This is my first time working with a team that manages networking and other things. At work I was able to plan out the networking with a few others and if we ever needed something done it was usually something we could handle ourselves. You don’t really have the kind of freedom and ease for doing those kind of things when you have to send in requests for a lot of different tasks.
I’m not really complaining, it’s just a different experience. The most important takeaway is to plan out what you need in advance and send out requests as soon as possible. Some things will take more time than others as some tasks need to be verified to ensure network security and they definitely have other tasks to deal with than ours.
One big holdup we had was the networking for the cluster. It took Dillon and I a bit to figure out exactly what kind of networking we could do as well as what we wanted to do. The original cluster had one IP on WSU’s LAN, and then a machine acted as a router and handled a separate LAN just for the cluster. We figured that wasn’t really necessary and it would be easier enough to just have each machine with an IP on WSU’s LAN instead. Initially we decided to just use the next 10 IP addresses from the block we were given for virtual servers. This set-up didn’t work at all, and we figured those IP addresses were on a separate VLAN or something like that. Dillon later attempted to use the IP that was assigned to the server before but that didn’t work. We could acquire IP addresses from DHCP, but we wanted some static IP addresses that we wouldn’t have to worry about IP conflicts due to being in the DHCP pool or anything like that. We then had to ask UTS about getting some IP addresses, and while we waited we would just install the servers using the DHCP addresses. When UTS got back to us they told us that the whole block of the IP address that was given for the cluster before should be available, but we had already tested it and it didn’t work, but we tested it again just in case and still it still didn’t work. So we had to troubleshoot with them, and eventually we found out that the VLAN assigned to that port was wrong and got everything sorted out. It was kind of a hassle overall, but we definitely could have avoided it if we tested IPs and figured them out earlier in the semester.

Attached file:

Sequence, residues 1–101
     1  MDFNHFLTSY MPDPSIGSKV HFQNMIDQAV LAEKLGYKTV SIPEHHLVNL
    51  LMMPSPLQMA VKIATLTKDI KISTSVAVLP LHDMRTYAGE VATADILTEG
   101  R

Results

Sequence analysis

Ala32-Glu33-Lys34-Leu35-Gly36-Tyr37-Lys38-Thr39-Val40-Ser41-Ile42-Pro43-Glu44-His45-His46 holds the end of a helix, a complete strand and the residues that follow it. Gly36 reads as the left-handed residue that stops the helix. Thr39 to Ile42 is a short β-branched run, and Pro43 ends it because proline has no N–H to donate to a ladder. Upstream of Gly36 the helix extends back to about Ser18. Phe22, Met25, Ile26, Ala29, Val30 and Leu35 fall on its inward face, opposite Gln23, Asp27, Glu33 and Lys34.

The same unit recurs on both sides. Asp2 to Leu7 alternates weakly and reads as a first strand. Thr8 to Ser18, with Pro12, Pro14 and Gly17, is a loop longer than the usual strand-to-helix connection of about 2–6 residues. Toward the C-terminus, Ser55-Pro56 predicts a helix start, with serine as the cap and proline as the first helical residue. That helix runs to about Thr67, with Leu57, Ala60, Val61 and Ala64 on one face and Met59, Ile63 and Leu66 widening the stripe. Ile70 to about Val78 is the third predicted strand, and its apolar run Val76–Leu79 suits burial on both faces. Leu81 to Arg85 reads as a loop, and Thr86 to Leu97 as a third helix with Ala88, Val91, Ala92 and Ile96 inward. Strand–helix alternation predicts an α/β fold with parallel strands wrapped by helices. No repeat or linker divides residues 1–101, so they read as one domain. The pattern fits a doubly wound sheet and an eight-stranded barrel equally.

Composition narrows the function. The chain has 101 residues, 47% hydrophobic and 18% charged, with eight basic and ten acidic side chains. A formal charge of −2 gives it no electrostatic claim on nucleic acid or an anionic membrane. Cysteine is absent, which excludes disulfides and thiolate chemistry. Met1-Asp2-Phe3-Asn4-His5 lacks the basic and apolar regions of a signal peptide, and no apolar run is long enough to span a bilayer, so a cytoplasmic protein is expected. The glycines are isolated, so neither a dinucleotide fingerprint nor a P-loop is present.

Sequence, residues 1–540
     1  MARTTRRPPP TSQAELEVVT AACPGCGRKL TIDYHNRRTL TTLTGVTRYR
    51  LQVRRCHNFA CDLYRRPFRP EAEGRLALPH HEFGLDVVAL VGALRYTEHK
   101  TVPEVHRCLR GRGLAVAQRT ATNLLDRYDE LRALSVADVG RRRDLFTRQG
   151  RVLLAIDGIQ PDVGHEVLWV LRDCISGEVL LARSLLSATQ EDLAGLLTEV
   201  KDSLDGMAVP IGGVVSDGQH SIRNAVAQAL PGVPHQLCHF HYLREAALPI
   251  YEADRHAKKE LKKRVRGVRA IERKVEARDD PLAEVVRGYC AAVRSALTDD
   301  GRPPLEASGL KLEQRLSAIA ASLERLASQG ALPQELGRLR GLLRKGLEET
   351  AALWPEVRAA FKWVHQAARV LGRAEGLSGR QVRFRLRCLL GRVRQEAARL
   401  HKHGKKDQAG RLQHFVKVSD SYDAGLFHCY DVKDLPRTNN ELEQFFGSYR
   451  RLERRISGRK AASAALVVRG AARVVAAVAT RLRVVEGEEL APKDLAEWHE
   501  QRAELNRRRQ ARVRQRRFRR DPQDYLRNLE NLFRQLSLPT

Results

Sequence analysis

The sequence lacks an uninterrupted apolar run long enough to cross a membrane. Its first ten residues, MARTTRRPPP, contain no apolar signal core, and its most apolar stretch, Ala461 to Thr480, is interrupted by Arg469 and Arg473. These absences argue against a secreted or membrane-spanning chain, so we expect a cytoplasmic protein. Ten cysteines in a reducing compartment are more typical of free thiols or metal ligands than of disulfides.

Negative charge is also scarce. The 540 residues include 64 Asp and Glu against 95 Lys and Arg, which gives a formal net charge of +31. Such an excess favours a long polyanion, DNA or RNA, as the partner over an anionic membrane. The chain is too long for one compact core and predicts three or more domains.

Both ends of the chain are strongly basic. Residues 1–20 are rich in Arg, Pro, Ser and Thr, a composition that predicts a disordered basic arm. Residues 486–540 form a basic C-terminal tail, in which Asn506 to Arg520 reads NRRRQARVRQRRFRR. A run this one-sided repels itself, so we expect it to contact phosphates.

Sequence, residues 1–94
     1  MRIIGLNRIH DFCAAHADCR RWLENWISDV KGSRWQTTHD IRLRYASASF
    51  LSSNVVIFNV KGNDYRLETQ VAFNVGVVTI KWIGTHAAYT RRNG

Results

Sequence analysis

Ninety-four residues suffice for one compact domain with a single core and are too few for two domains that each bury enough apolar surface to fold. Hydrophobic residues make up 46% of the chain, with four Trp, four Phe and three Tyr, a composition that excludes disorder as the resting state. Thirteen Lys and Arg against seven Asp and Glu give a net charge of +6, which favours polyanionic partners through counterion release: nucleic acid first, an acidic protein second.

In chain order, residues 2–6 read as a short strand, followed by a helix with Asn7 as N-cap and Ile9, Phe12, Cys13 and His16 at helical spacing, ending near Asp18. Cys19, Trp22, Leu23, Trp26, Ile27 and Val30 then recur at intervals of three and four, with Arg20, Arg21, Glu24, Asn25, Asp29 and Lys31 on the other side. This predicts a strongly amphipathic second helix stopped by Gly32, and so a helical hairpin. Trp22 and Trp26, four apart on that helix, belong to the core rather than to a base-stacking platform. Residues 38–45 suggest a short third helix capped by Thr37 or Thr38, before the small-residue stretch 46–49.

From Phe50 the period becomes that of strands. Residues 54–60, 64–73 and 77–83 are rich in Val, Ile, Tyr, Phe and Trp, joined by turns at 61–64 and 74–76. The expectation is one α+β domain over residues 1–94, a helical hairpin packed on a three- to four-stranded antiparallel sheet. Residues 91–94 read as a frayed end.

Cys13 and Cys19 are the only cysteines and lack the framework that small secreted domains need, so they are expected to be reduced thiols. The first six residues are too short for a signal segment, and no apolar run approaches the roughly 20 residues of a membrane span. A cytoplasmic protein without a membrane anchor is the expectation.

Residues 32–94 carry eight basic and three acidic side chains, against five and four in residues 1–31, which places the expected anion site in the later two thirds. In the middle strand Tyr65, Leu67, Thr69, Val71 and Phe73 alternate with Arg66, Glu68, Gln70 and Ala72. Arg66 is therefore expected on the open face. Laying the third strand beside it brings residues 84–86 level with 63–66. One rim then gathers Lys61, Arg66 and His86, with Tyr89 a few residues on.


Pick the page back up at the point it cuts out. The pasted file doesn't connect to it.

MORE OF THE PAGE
One thing I was working on individually was Google Apps authentication for the wiki. I’ll go into it more in a post about the wiki, but after setting it up I found that the feature wasn’t enabled for WSU accounts. So we had to see if UTS thought that was a good feature to enable- I’ll give an update once we get that up or not.
We had the IP addresses available to us for the virtual machines in advance, Dr. Wurst had asked about them earlier in the year for the server for the CS401 project so we were all set regarding those.
In one particular case we avoided UTS altogether. When we were moving the new CS server to production, we found that the old server wasn’t assigned the public IP address directly- it was assigned a local IP address. This sounded like a 1:1 NAT set-up, which is essentially where you have local IP addresses for devices on your network and you route public IP addresses to certain IP addresses. So for moving the new CS server to production, we figured just changing the IP address from the old one over and giving the new server the old one’s local IP address we’d be able to put it in production with no issues. We were able to do this and everything worked out well.
Overall I’d say working with UTS was a good thing. It definitely caused a bit of hassle as it wasn’t really what I was used to, but overall a team like that is definitely a good thing to have.